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Common Milkweed

By Martha Boyd, Program Director, Urban Initiative, Chicago

This summer, at the Eat to Live Garden in Englewood, many Yale Elementary School students knew about the connection between common milkweed and Monarch butterflies, who lay their eggs on milkweed plants. When a Monarch caterpillar hatches, it eats milkweed leaves until it forms a chrysalis and -- if all goes well -- becomes an adult butterfly and continues on its journey.

 

I saw only one or two Monarchs this early summer when the milkweeds were starting to flower in the Eat to Live Garden -- but they attracted many other pollinators, even before the fragrant flowers opened up in late June.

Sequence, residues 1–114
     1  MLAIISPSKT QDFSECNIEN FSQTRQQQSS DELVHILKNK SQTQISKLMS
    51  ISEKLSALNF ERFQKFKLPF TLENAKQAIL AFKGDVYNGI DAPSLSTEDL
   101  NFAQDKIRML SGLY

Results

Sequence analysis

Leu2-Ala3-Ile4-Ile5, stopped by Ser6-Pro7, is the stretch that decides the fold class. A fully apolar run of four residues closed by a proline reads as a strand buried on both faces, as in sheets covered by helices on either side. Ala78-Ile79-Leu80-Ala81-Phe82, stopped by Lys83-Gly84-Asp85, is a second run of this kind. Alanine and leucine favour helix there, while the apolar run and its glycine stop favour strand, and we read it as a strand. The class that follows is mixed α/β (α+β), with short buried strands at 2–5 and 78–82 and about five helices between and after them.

Milkweed is edible by humans in many stages of growth, including the tender young shoots, the flower buds, and the young pods before the seeds and silk mature. Boil them, pour off the water, and eat!  See recipes for milkweed here.

 

After that, milkweed fluff can be used to stuff parkas and lifevests!  One pod contains a remarkable number of tightly packed seeds. 

 

Milkweed spreads both by wind-borne seeds and underground. It can overwhelm a small space but is great to have in our Learning Garden since so many people have heard about it yet not seen it up close.  It keeps sprouting and growing all summer, so come to the Garden and check it out!